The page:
EXCLUSIVE—The U.S. Securities and Exchange Commission, or SEC, has expressed serious reservations regarding bitcoin ETFs, in a public letter published on the regulator’s website yesterday.
The reservations come at a time when bitcoin has experienced a series of falls in value, just wobbling over its previously celebrated mark of $10,000. The currency is standing at $11,479 today, as of 10 AM ET, according to Coinbase.
In its letter, signed by Dalia Blass, director of investment management, the SEC points to “a number of significant investor protection issues that need to be examined before sponsors begin offering these funds to retail investors,” citing numerous concerns around cryptocurrency valuation, liquidity, and arbitrage, among others.
Until the questions identified above can be addressed satisfactorily, we do not believe that it is appropriate for fund sponsors to initiate registration of funds that intend to invest substantially in cryptocurrency and related products, and we have asked sponsors that have registration statements filed for such products to withdraw them.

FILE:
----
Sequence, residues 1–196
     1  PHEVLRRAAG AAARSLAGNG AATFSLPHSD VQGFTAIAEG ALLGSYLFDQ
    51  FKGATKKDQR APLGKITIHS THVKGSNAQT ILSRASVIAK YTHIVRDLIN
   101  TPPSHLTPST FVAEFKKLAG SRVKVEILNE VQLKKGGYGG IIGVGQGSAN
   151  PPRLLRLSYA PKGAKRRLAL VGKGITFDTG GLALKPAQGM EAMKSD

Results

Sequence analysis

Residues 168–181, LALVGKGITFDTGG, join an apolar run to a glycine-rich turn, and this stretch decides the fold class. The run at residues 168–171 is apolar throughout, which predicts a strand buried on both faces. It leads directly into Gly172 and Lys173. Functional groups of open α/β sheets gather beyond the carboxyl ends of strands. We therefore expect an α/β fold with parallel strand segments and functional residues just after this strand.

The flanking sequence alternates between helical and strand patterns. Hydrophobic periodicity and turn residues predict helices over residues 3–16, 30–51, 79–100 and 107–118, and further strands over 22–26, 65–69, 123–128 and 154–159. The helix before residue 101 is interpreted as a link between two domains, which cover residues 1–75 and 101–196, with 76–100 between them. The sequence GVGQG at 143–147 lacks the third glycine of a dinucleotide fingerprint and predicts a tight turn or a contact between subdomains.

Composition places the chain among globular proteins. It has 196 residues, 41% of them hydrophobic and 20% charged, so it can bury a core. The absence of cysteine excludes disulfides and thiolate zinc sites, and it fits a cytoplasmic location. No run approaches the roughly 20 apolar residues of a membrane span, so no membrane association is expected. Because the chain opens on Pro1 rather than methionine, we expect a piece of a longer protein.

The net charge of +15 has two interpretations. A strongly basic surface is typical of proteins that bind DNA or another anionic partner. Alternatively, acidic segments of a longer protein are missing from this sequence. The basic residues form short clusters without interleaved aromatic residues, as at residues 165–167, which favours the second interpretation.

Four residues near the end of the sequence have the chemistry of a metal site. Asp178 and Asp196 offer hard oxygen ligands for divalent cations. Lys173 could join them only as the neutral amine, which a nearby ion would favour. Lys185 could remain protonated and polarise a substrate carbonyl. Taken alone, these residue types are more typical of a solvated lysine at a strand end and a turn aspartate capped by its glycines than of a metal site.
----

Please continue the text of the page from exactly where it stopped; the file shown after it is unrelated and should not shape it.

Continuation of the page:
The SEC’s reservations on bitcoin ETFs come during a time when, as previously noted, bitcoin’s infamous volatility is rearing its head after a prolonged period of upward mobility for the currency.
Over the course of the last three days, bitcoin has lost, then regained, then lost again, about $30 billion in terms of market value as its price dipped below the $10,000 mark so long awaited by crypto enthusiasts.
While the currency seems to be moving upward again, bitcoin is still down nearly 4%, according to data from Coinbase, and as usual, other cryptocurrencies are following suit: ether, Bitcoin Cash, and Litecoin are all down, according to Coinbase.
In the SEC’s letter, Blass addresses this traditional concern with valuation when it comes to funds like ETFs, asking:
How would funds develop and implement policies and procedures to value, and in many cases “fair value,” cryptocurrency-related products?
How would funds’ accounting and valuation policies address the information related to significant events relevant to cryptocurrencies?
Take a look at the full letter here.
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